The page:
Response From New York University New York University’s Department of Speech Language Pathology and Audiology does not now nor has it ever had a “stutter-free policy” that prevents students from entering the practicum portion of the curriculum. NYU’s speech pathology program has a long, history of enrolling students who have speech disorders. The program ... Viewpoint
Viewpoint  |   May 01, 1999
Response From New York University
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Fluency Disorders / Viewpoint
Viewpoint   |   May 01, 1999
Response From New York University
SIG 4 Perspectives on Fluency and Fluency Disorders, May 1999, Vol. 9, 7. doi:10.1044/ffd9.2.7
SIG 4 Perspectives on Fluency and Fluency Disorders, May 1999, Vol. 9, 7. doi:10.1044/ffd9.2.7
New York University’s Department of Speech Language Pathology and Audiology does not now nor has it ever had a “stutter-free policy” that prevents students from entering the practicum portion of the curriculum. NYU’s speech pathology program has a long, history of enrolling students who have speech disorders. The program currently has students enrolled with speech disorders and it has graduates who stutter who are now licensed speech pathologists.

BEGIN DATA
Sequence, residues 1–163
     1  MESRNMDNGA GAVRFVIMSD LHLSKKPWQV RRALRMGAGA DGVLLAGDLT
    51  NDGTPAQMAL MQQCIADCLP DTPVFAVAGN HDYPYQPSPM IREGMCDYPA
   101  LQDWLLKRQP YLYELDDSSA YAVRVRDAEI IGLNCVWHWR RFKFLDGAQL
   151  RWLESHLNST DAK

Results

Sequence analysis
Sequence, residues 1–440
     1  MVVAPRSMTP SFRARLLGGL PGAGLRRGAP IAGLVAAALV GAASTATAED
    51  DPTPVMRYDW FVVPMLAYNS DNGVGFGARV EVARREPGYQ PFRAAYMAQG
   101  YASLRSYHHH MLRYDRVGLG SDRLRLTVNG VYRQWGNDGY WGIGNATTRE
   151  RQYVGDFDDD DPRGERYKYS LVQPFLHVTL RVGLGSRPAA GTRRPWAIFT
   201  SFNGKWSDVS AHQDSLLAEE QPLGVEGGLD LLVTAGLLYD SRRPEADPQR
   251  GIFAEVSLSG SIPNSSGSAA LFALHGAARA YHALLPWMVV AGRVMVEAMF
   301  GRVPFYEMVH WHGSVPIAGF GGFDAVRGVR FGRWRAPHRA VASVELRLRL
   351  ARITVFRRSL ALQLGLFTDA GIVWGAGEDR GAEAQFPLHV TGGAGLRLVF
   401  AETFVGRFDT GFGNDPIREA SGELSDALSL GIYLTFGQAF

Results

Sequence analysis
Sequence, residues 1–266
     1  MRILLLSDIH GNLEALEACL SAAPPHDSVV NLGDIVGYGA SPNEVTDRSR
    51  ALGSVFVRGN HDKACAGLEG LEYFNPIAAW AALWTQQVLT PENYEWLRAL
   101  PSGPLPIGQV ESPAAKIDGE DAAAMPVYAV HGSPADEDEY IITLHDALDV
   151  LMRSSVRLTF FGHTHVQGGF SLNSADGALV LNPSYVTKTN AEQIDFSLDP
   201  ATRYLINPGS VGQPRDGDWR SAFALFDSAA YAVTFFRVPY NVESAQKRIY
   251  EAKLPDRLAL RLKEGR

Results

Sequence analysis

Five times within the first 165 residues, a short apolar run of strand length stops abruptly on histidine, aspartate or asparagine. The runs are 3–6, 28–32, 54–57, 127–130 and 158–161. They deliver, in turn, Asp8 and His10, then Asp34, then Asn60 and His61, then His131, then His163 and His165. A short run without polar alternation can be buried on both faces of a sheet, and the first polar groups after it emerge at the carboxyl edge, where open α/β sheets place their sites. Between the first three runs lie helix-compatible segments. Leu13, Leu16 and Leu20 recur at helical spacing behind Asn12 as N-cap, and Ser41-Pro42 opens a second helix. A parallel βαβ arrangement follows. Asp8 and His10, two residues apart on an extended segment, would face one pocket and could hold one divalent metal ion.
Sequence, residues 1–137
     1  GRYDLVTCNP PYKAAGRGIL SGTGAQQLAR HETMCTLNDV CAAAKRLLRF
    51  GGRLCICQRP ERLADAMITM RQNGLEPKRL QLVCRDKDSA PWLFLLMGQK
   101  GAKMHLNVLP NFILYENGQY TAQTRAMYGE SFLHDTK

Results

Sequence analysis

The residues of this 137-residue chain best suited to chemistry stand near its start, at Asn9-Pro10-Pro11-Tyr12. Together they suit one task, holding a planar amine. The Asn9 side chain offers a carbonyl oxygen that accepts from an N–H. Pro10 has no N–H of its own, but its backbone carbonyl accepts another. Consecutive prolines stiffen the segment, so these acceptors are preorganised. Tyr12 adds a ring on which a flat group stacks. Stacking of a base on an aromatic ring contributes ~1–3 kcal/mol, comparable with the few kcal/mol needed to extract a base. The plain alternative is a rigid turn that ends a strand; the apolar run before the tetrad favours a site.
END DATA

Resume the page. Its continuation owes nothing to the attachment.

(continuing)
The letter Peter Reitzes refers to in his article was written to him in response to questions he had about the department’s personal speech assessment, which is administered to all students. The assessment is meant to serve an important and positive educational purpose: to enhance students’ skills as clinicians. Upon reviewing the letter, we found it needed clarification regarding the assessment and the requirements to enter clinical practice. Another letter was then sent to Mr. Reitzes to provide the needed clarification and to emphasize the department’s strong commitment to serving students with speech disorders.
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